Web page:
Commit

: to put into charge or trust : entrust
: to carry into action deliberately
: to obligate or pledge oneself

Source: www.merriam-webster.com

Etymology

Commit (v.): late 14th century, “to give in charge, entrust,” from Latin committereto unite, connect, combine; to bring together,” from com– “together” + mittereto put, send” (related to mission).  Evolution into modern range of meanings is not entirely clear.  Sense of “perpetrating” was ancient in Latin; in English from mid-15c.  The intransitive use (in place of commit oneself) first recorded 1982, probably influenced by existentialism use (1948) of commitment to translate Sartre’s engagement “emotional and moral engagement.”

Source: www.etymonline.com

Wisdom

“Freedom is not the absence of commitments, but the ability to choose - and commit myself to - what is best for me.”

Paulo Coelho (b. 1947, Brazilian lyricist and novelist; best known for writing The Alchemist, which has been translated into 80 languages)

Bio Source:

paulocoelhoblog.com

“Unless commitment is made, there are only promises and hopes; but no plans.”

Peter F. Drucker (1909-2005, Austrian-born American management consultant, professor, writer, and self-described “social ecologist,” who contributed to the philosophical and practical foundations of the modern business corporation.)

Bio Source:

www.druckerinstitute.com/peter-druckers-life-and-legacy/

“The relationship between commitment and doubt is by no means an antagonistic one. Commitment is healthiest when it is not without doubt, but in spite of doubt.”

Rollo May (1909-1994, American existential psychologist and author of the influential book, Love and Will)

Bio Source:

webspace.ship.edu/cgboer/may.html

“We have to recognize that there cannot be relationships unless there is commitment, unless there is loyalty, unless there is love, patience, persistence.”

Cornel West (b. 1953, prominent and provocative democratic intellectual, professor of Philosophy and Christian Practice at Union Theological Seminary, and author of more than 20 books, best known for writing Race Matters and Democracy Matters)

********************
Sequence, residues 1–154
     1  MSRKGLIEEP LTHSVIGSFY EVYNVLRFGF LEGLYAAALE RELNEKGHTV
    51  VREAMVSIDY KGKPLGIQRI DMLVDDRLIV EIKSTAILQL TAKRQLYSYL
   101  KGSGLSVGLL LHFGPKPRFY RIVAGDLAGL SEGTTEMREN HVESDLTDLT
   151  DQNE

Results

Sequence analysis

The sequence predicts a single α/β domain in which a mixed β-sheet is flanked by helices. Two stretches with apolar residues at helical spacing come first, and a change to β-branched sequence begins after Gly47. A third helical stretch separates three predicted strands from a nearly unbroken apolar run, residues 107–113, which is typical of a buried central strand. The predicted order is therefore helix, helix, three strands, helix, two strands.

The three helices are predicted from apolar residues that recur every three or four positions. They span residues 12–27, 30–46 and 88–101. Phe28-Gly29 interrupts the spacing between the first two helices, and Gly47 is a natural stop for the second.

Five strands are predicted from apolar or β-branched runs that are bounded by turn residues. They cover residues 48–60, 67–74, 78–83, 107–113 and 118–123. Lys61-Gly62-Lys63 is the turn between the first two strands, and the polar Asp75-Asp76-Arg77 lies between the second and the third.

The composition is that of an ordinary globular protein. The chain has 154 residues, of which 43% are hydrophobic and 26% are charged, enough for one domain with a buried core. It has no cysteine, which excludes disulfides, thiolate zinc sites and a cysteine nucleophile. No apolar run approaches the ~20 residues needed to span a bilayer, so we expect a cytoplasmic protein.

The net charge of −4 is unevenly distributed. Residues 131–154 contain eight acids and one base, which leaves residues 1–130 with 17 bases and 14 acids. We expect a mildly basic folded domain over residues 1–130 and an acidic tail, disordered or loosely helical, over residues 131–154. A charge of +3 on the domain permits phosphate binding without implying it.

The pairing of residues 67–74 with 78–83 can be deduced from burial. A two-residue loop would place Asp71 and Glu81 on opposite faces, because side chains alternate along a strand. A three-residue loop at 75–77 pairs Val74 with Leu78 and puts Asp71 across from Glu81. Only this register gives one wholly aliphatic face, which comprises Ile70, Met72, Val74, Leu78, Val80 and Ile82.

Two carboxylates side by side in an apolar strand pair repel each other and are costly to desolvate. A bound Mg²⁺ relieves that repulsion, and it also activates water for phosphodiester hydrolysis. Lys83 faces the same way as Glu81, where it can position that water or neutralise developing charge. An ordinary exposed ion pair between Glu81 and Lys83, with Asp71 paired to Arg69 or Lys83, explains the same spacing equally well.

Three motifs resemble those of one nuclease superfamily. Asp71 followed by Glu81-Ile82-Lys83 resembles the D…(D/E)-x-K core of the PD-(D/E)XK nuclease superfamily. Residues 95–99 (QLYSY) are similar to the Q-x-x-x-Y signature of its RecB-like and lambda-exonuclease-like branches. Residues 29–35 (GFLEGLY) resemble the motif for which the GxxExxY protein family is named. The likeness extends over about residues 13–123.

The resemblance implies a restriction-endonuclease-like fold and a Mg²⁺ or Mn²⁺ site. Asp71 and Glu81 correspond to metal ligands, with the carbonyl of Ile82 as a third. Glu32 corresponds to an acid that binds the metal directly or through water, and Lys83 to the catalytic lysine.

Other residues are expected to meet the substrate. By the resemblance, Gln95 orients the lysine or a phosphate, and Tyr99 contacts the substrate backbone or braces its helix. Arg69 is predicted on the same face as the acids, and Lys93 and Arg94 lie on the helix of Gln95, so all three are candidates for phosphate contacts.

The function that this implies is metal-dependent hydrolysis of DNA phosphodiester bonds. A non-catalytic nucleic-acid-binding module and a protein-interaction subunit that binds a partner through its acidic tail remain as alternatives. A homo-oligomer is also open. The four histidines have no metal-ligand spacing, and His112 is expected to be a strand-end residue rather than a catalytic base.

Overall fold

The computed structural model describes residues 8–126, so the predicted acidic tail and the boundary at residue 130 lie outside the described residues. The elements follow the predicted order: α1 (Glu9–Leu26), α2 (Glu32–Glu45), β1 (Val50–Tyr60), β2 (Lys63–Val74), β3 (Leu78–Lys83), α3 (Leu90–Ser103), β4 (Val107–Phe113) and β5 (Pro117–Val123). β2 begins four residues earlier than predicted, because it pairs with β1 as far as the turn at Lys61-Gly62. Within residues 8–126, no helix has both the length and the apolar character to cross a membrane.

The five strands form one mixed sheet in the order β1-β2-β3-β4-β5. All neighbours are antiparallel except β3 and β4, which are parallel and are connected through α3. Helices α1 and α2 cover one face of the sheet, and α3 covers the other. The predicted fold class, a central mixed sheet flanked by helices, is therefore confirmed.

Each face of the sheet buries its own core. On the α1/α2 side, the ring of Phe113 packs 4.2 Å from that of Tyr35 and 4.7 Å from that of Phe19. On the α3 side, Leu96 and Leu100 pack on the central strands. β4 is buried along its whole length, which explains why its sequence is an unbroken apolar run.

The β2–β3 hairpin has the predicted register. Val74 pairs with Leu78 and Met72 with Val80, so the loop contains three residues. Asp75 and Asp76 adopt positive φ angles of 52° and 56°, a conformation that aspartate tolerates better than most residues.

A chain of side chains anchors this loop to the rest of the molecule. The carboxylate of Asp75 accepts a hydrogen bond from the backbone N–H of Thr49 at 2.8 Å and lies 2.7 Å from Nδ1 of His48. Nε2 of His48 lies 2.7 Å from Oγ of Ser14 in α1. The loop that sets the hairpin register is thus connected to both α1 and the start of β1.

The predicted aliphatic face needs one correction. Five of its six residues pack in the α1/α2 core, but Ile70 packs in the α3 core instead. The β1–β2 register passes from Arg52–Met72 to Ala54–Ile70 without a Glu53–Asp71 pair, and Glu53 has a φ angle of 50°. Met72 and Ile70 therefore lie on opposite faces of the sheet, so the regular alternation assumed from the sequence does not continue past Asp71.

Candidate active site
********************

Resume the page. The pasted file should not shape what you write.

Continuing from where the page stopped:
Bio Source:

www.cornelwest.com/bio.html#.VtS-SkvDltc

“If we commit ourselves to one person for life, this is not, as many people think, a rejection of freedom; rather, it demands the courage to move into all the risks of freedom, and the risk of love which is permanent; into that love which is not possession but participation.”

Madeleine L’Engle (1918-2007, American young-adult’s fiction author and poet, best known for Meet the Austins and A Wrinkle in Time)

Bio Source:

www.biography.com/people/madeleine-lengle-9378983

“To be loved but not known is comforting but superficial. To be known and not loved is our greatest fear. But to be fully known and truly loved is, well, a lot like being loved by God. It is what we need more than anything. It liberates us from pretense, humbles us out of our self-righteousness, and fortifies us for any difficulty life can throw at us.”

Timothy Keller (b. 1950, author and founding pastor of Redeemer Presbyterian Church in NYC, started in 1989; best known for writing The Reason for God and The Prodigal God, which sold over 1 million copies and have been translated into 15 languages)

Bio Source:

www.timothykeller.com/author/

“All too often women believe it is a sign of commitment, an expression of love, to endure unkindness or cruelty, to forgive and forget. In actuality, when we love rightly we know that the healthy, loving response to cruelty and abuse is putting ourselves out of harm's way.”

bell hooks (b. Gloria Jean Watkins in 1963, cultural critic, feminist theorist, writer, and author of over 30 published books and numerous scholarly articles)

Bio Source:

www.goodreads.com/author/show/10697.bell_hooks

“Marriage is those two thousand indistinguishable conversations, chatted over two thousand indistuinguishable breakfasts, where intimacy turns like a slow wheel. How do you measure the worth of becoming that familiar to somebody—so utterly well known and so thoroughly ever-present that you become an almost invisible necessity, like air?”

Elizabeth Gilbert (b. 1969, author, essayist, short story writer, biographer, novelist, and memoirist)

Bio Source:

www.elizabethgilbert.com/bio/

Meditation

“Freedom is not the absence of commitments, but the ability to choose – and commit myself to – what is best for me.”

— Paulo Coelho

Commitment is the fuel we need to soar and ascend towards our destinies.  Without commitment we are grounded, stuck and simultaneously floundering about, sometimes inadvertently allowing others to exploit and take advantage of our gifts and talents.

However, if we choose a side and commit to our purpose, speaking our truth and living in the light, we will eventually find our unique passions and joys.

Commitment can be scary, though.  No doubt about it. Because unexpected lightning strikes will push us to pay close attention to the addictions that are not needed and to the attributes that encompass our true natures.

The paths to authenticity are countercultural and can feel arduous and lonesome.   It asks us to step away from our tribes and encourages us to explore undiscovered alternative routes.

Commitment will also asks us to deprogram and reeducate, and prod us to place ourselves in new, uncomfortable, alienating circumstances.

But, if we can endure the discomforts and work through our illusions of fear, then we will not only create beauty, prosperity, miracles and blessings in our lives, but we will also find our true cosmic soul mates across this globe.

Commitment is an essential tool for our toolbox towards facilitating freedom and true independence.

Soldier on with great valor, my friends, soldier on!

Much Love, Tonya

 

 

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